Dumplings are a staple all over the world.
From the Italian ravioli to the pierogi of Eastern Europe, these tasty morsels come in all shapes, sizes and flavours. In the Far East, the most common type of dumplings is made from a flour-based dough with minced meat and vegetable fillings formed roughly in the shape of the sycee ingots.
These dumplings are called jiǎozi or gyōza and, in recent years, they have become popular in the West. There is, however, another kind of dumpling popular in the East. These are the rice dumplings or zòngzi; also called ròuzòng in Mandarin—or bah-chàng in the Taiwanese language.
Taiwan’s bah-chang is a dumpling of glutinous rice stuffed with meat and vegetable fillings and wrapped with bamboo leaves. While they are available all year round as an easy, portable and tasty lunch or snack, they are mostly associated with the popular summertime Dragon Boat Festival.
These tasty treats have a close association with the dragon boat and an interesting, albeit rather sad, origin story.
The following is the text from the tale originally published in our Dragon Boats article:
The [roots of the Dragon Boat Festival and the rice dumpling] date back to a time known as the Warring States (Zhànguó) period—a 254-year period from 475 to 221 BCE that preceded the creation of the first unified imperial Chinese state.
Right around the time the Romans were trying to unify Italy, many independent kingdoms existed in the Far Eastern lands that were eventually conquered by China’s First Emperor. One of these kingdoms was known as “Chu,” a southern frontier state in what is today the south-central part of China. The Dragon Boat Festival’s origins lie in the life (and death) of a Chu poet and statesman living at the end of the Warring States period.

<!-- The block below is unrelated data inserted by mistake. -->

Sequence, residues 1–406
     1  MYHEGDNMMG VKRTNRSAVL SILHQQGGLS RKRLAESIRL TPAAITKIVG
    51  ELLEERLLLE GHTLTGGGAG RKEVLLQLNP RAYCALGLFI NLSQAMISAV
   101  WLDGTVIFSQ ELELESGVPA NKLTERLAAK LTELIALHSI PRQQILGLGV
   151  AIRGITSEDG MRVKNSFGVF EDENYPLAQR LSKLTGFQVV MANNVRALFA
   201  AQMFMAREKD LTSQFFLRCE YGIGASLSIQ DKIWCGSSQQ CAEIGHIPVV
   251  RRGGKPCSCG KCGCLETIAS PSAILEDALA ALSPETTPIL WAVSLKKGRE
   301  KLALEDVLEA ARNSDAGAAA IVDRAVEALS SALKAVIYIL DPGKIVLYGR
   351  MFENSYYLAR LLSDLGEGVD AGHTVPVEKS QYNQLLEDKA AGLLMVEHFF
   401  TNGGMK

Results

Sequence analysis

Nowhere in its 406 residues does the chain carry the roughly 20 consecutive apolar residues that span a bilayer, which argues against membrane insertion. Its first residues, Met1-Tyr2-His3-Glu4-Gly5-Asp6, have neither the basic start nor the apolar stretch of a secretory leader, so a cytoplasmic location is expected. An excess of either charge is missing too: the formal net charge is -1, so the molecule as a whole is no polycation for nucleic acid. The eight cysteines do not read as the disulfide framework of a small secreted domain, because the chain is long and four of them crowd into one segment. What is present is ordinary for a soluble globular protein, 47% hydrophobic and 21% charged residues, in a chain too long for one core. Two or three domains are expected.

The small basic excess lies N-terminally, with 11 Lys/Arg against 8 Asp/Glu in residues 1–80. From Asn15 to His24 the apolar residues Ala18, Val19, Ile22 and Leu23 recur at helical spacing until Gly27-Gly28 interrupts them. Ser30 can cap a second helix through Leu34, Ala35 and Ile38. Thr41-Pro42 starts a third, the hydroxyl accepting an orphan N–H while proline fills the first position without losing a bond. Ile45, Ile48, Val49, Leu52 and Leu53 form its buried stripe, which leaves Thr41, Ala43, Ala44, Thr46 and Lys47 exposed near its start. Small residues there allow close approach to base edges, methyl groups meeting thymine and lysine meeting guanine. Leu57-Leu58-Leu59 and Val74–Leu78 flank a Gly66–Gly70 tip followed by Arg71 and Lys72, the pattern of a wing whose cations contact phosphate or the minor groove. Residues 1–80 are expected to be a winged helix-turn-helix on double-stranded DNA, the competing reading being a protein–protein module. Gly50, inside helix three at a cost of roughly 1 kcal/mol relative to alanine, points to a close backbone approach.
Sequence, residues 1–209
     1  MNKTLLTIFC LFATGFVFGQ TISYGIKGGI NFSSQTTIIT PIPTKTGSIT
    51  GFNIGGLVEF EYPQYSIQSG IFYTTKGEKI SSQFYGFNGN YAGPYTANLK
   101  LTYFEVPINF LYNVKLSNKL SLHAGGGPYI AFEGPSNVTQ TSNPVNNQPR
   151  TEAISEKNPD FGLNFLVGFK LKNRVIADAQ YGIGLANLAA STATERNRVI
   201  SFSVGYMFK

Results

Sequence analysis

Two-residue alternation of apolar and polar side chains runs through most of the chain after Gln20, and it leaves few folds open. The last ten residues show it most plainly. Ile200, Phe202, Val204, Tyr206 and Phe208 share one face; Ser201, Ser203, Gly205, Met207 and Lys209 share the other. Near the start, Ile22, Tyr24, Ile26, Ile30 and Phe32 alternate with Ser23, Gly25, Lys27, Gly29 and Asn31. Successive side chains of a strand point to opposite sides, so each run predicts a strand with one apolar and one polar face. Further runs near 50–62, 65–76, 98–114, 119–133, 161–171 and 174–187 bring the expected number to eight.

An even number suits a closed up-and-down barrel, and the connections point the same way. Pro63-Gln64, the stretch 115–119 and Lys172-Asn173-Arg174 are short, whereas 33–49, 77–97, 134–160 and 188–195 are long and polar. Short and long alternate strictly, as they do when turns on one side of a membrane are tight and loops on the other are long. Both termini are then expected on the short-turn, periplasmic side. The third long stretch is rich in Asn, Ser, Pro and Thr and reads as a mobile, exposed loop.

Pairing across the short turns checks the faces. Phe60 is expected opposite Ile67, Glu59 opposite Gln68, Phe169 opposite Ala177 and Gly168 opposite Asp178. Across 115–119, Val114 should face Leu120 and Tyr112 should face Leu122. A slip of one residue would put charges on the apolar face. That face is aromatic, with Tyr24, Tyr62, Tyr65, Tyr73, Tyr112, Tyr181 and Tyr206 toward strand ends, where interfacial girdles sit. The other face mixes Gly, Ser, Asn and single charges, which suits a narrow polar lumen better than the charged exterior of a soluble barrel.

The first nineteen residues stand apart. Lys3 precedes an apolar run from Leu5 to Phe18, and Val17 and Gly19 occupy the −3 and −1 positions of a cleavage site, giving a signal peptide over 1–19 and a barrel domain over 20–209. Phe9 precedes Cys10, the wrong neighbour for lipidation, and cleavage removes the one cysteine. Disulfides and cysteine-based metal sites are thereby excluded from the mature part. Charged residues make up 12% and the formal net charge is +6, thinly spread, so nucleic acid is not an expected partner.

The said individual’s name was Qū Yuán and he is known for his contributions to the ancient poetic compilation known as The Songs of the South (Chǔ Cí). Today, however, he is mostly remembered for the manner of his death and the festival that arose in his honour.
In 278 BCE, the First Emperor’s kingdom—the Kingdom of Qin (pronounced Chin; origin of the name “China”)—was well on its way to creating “China.” The Qin dealt a severe defeat on the Kingdom of Chu and the Chu capital of Ying was overrun by invading Qin forces. By the close of the century, the Qin will have subdued all the warring states and establish the first Chinese Empire.
It is said that the famed Chu poet-statesman, Qū Yuán, on learning of the devastation suffered by his country at the hands of the Qin, was overcome by grief. He was said to have waded into the Miluo River where he drowned himself in an apparent ritual suicide to express his anguish.
Local villagers rushed out on their watercrafts and boats for a search and rescue mission. But, alas, their efforts were unsuccessful. In the end, all the villagers could do was to toss rice, wrapped in bamboo leaves, into the river as offering both to the spirit of Qū Yuán as well as feed to prevent the river fish from devouring Qū Yuán’s body. The rice tossed into the river is believed to be the origin of the custom of making zòngzi dumplings during the Dragon Boat Festival.
It is said that, in memory of the much-revered poet and statesman, the villagers held annual dragon boat races on the anniversary of his death to celebrate his achievements in life. This custom subsequently spread to many other places and has survived to the present.
And that is how the zòngzi or, in Taiwanese, bah-chàng, along with the Dragon Boat Festival, came to be.